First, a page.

15. Breeding a two Year Old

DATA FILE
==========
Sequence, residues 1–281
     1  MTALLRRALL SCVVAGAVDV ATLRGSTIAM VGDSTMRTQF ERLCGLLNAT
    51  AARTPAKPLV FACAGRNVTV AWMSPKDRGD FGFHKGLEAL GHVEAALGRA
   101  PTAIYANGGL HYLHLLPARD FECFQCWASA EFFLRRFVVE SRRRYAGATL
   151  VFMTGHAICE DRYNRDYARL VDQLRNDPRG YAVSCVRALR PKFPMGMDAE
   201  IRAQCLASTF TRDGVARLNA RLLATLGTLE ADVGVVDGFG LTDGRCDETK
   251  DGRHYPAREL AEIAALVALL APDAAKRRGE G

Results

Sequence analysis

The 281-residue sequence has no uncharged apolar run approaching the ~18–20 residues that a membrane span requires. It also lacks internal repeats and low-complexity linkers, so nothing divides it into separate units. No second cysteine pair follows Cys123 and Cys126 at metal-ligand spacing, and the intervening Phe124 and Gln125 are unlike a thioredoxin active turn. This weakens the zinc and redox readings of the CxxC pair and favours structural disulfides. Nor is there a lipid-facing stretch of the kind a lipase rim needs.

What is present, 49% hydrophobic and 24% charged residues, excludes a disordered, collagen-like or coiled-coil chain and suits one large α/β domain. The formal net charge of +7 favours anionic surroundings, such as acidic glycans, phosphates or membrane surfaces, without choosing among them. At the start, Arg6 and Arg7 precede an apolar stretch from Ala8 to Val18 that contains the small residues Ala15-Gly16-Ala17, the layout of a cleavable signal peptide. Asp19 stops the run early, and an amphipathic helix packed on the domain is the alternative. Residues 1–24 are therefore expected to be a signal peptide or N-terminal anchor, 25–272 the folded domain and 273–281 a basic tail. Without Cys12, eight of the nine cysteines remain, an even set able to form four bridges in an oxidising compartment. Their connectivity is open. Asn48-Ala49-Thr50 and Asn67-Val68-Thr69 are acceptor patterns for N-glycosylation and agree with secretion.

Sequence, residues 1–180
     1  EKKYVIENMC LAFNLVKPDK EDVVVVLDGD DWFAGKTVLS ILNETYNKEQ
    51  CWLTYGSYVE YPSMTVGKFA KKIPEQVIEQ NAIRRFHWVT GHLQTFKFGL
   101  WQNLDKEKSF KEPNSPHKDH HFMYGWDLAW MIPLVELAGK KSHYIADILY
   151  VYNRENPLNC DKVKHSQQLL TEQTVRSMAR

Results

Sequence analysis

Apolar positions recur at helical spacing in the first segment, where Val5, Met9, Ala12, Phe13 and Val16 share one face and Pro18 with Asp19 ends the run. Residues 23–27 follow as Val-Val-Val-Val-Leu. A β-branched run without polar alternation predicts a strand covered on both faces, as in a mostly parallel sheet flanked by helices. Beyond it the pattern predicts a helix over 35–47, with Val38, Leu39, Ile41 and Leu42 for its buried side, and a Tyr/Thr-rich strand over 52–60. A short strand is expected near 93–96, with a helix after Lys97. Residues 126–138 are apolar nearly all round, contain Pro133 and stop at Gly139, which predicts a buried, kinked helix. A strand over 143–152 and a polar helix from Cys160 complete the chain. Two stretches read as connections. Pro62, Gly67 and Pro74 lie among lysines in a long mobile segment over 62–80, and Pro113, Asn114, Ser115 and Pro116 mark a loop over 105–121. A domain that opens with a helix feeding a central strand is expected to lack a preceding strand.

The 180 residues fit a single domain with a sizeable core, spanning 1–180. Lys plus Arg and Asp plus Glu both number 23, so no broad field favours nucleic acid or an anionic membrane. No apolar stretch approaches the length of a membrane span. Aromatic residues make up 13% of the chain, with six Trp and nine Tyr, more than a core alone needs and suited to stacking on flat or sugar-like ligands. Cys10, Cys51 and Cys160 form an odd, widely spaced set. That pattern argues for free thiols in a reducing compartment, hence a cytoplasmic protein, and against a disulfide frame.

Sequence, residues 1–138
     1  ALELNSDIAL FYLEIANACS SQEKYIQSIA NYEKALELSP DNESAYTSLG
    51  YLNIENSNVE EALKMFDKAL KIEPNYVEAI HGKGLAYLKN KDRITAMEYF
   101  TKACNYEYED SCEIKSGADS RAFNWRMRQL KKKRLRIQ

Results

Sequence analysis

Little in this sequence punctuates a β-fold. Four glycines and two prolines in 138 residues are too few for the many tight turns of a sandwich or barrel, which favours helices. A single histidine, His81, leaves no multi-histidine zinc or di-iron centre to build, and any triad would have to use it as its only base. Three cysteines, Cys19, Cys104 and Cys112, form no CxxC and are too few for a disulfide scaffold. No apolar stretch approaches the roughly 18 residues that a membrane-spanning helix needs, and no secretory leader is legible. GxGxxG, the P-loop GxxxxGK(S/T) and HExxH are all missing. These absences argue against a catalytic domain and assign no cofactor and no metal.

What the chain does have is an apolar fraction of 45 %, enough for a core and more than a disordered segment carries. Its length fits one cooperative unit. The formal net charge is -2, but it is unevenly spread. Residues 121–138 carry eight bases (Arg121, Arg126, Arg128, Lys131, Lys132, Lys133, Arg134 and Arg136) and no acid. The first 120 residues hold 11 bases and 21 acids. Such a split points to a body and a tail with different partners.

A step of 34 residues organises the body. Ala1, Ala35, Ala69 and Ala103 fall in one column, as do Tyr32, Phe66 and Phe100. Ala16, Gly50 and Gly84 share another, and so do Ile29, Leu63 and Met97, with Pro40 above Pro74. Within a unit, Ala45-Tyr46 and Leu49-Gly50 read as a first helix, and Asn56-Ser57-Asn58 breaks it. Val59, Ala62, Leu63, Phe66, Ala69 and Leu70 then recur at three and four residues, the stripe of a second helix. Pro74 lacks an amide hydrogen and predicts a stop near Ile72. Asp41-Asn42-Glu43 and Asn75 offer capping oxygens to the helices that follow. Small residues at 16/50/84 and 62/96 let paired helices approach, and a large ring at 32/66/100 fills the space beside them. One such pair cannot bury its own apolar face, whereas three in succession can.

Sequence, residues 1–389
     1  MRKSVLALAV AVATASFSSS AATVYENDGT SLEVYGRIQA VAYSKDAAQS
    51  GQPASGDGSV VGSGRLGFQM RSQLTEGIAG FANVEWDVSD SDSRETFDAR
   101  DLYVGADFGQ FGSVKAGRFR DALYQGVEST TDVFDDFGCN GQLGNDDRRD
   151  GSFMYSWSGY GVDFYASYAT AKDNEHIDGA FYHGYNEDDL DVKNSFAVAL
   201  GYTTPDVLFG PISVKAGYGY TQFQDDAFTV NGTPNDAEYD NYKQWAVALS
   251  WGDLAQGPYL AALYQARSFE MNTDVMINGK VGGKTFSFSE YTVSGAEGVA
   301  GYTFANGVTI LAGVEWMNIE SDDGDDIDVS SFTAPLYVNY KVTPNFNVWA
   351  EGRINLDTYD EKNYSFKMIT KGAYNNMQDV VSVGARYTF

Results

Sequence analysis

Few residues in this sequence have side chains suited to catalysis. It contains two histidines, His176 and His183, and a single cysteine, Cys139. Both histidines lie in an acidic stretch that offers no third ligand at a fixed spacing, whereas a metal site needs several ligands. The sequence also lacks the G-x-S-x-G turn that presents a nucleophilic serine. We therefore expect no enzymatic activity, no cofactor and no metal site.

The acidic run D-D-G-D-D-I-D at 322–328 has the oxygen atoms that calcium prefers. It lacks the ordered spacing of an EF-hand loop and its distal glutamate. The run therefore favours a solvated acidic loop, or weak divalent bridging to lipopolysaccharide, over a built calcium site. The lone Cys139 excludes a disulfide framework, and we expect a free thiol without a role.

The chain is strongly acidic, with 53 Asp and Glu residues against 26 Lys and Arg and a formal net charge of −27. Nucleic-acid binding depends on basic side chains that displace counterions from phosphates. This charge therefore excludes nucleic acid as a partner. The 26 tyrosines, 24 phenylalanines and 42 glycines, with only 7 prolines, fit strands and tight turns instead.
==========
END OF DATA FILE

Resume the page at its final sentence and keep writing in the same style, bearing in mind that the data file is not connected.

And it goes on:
Based on all the research I've put into breeding a 2 year (for my own info...I don't own a mare that young) I would guess that that mare of oz's was deformed due to lack of feed, or more likely, lack of BALANCED feed. If the ratios are wrong, it is highly likely that caused the deformity, with the possibility of a genetic component. Studies done at the university level have shown that breeding a 2 year results in a mare who may have delayed growth, but still ends up the expected height, and from what I've read, there was no incidence of a properly fed mare ending up with back or leg deformities. I personally have never bred one that young, but isn't to say I never would. Yes there are folks who breed horses to make money. I'll raise my hand and proudly say that I am one of them. I don't breed ugly, and my foals hit the ground being worth 6-8k each. There's nothing wrong with running your farm as a business, so long as you're not just adding fugly useless horses to the problem. If I had had issues with the filly gowning up regarding having a hard keeper (I have a gelding colt with this issue, and if it was a filly...) then I'd be unlikely to breed because I'd worry about that issue. If the filly had had an uneventful life thus far, though, there's a decent chance I might breed. Again, the argument of weight hanging from the back being rough on a two year old...I'm totally behind that so don't breed a yearling. But we're talking about significant weight which only shows up around the end of the last 2 or 3 months which, if she was bred as a 2 year old, would make her early three. I have no problem with that, any more than I have a problem starting a three year old.